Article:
5. Be visible. Parents who are a known presence at school and day-care are less likely to have children who are victims. Show up unannounced at child care and for school lunches if your child’s school allows it. Volunteer a few times a year so you get to know teachers and other school personnel and they get to know you. Know your childcare provider and, if you do not trust his or her decision-making, get a new one.
6. Be aware of people in your own family who you know are perpetrators. This may sound obvious, however, I have met enough people by now who allowed their child to be around the grandparent who abused the parent, yet the parent felt if they were watchful enough, their child would not get hurt, or hoped that the perpetrator had changed enough that they would not do that to their grandchild. Similarly, if you are a divorced parent and abuse was an issue during your marriage, or you knew that your child’s other parent was harming or neglecting the children, if possible, protect your child from being alone with that parent. Wikipedia reports that, “the U.S. Department of Health and Human Services reports that for each year between 2000 and 2005, “female parents acting alone” were most likely to be perpetrators of child abuse.” ** If someone is a known perpetrator to you, do not allow your child to be alone with them. Stepfathers and fathers respectively are the most likely to be reported as perpetrators of sexual abuse for girls 10 and older according to childabuse.org.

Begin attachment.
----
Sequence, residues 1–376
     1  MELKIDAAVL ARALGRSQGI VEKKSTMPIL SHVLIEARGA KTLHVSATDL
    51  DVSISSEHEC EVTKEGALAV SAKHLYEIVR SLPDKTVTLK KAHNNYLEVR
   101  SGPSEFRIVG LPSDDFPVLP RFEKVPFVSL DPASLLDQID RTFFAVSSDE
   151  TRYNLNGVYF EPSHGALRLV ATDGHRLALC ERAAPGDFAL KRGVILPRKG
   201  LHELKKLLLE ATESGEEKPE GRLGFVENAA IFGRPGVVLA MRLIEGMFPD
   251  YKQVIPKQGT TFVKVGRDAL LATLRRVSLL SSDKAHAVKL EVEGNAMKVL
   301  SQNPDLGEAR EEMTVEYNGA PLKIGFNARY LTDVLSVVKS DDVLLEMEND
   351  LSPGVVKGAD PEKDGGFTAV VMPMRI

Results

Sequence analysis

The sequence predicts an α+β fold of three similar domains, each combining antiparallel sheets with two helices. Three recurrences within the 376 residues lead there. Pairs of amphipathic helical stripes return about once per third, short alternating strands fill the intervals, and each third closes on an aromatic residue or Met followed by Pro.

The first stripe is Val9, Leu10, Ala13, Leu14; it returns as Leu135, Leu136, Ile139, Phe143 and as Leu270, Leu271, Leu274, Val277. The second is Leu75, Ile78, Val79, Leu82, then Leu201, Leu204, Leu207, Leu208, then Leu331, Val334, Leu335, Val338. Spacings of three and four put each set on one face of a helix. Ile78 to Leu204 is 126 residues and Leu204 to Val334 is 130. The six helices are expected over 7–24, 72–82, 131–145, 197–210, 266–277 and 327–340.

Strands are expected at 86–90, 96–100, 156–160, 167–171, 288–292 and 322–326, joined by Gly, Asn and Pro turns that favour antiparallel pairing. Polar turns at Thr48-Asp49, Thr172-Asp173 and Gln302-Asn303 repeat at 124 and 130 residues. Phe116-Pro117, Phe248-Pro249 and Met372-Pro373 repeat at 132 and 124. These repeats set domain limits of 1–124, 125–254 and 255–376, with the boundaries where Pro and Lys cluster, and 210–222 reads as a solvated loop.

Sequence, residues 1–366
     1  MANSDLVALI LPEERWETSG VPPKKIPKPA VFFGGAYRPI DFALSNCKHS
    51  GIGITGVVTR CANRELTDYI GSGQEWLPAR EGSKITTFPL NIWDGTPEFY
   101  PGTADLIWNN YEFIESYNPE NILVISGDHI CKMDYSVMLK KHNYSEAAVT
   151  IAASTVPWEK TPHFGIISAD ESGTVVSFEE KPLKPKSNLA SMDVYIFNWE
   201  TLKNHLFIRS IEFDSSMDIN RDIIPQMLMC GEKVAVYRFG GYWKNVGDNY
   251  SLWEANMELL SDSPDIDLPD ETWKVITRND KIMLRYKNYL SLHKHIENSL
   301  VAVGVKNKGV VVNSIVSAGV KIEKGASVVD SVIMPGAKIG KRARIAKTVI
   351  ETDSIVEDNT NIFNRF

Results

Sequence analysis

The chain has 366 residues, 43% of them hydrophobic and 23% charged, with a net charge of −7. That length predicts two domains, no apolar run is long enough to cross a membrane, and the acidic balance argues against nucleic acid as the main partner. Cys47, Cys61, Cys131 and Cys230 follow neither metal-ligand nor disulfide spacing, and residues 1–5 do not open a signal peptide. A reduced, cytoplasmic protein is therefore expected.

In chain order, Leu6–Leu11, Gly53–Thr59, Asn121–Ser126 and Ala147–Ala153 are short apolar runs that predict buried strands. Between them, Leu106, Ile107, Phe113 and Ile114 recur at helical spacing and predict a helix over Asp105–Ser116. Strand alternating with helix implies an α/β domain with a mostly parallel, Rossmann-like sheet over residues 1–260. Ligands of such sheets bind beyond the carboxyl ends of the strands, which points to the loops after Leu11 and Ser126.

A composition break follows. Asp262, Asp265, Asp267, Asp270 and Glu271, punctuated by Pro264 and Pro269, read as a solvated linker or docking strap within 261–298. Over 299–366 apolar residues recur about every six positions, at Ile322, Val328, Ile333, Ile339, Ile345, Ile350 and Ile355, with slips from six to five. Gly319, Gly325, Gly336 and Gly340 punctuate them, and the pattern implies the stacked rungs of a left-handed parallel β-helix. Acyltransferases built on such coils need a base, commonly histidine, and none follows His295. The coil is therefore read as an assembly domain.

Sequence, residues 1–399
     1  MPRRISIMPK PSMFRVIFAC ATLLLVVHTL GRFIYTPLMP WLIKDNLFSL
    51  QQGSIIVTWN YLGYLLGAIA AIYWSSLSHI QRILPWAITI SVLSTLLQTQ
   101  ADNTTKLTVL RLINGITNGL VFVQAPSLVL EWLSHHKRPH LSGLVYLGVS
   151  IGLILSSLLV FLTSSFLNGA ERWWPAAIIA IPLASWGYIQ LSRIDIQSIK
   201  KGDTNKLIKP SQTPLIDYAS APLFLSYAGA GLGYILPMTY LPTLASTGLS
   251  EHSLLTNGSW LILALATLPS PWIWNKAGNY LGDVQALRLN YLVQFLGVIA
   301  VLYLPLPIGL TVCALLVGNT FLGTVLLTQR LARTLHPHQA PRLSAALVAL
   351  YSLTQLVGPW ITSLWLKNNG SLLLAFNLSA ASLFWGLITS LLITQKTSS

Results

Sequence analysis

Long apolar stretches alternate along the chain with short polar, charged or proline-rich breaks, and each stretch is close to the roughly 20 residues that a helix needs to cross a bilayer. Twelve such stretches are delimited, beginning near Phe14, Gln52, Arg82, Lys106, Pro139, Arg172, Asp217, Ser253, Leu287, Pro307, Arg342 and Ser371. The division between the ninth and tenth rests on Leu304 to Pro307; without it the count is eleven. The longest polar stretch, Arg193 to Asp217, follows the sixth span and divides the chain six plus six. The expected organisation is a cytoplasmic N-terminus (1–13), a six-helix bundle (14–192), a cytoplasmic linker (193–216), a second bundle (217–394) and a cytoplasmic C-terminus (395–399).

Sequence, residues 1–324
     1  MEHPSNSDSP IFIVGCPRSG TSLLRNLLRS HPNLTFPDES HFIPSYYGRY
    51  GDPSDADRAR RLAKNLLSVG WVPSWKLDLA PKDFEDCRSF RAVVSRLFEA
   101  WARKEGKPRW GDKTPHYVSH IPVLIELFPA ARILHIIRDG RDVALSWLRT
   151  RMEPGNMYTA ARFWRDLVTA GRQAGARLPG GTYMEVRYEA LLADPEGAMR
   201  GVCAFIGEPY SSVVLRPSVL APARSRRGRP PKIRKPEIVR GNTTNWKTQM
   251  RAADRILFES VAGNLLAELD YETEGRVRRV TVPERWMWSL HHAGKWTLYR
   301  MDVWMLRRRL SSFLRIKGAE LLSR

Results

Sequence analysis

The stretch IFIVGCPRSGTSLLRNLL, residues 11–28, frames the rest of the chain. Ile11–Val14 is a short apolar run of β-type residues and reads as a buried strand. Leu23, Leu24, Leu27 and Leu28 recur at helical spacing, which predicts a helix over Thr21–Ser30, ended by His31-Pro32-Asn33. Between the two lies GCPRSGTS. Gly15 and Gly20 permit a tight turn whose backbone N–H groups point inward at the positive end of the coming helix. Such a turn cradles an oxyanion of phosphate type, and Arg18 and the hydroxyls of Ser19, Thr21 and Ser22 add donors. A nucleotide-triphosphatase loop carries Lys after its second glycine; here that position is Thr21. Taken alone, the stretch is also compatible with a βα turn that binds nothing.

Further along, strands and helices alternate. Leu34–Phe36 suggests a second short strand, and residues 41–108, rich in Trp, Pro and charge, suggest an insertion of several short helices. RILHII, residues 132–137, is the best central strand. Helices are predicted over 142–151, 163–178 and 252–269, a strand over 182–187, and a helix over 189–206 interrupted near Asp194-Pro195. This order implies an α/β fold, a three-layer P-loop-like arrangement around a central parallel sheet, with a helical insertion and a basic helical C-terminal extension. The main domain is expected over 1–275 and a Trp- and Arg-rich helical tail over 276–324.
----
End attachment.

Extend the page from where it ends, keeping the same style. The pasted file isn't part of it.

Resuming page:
7. Listen to your child. Children, especially young children, often disclose information that we do not catch if we are not listening. If a child says something that causes you concern, be curious and ask them about it to clarify what they are talking about. Sometimes because our young children are so sexually innocent, they don’t even know that there was anything out-of-order with what happened and they just tell you about it.
I want to conclude by being perfectly clear, that there is no guarantee that our children will never deal with an abusive caretaker. However, the likelihood that a child will identify a problem to you sooner, so that you may take action immediately will be increased by talking to your child and being aware of the tricks of abusers.
- It’s Not Just Strangers- Part I (help4yourfamily.com)
- Chronological Age vs. Developmental Age (help4yourfamily.com)
- Teaching Young Children About “Stranger Danger” (help4yourfamily.com)
- When Your Inner Critic Hurts Your Relationship With Your Children (help4yourfamily.com)
- Making Peace With Your Inner Critic
- Happy Parent Tip #1
- Why Sexual Abuse is Never a Child’s Fault…Not Even a Teenager
- Naming Patterns Changes Patterns
- This is your brain on attachment
- Last Chance for Two Great Opportunities
- Mother’s Retreat Weekend- It’s Really Happening!
- Stopping the Parent Shame and Blame Game
- Making Peace With Your Inner Critic
- Putting together something fun for you!
- Quick Jobs for Kids
- Staying Strong as a Couple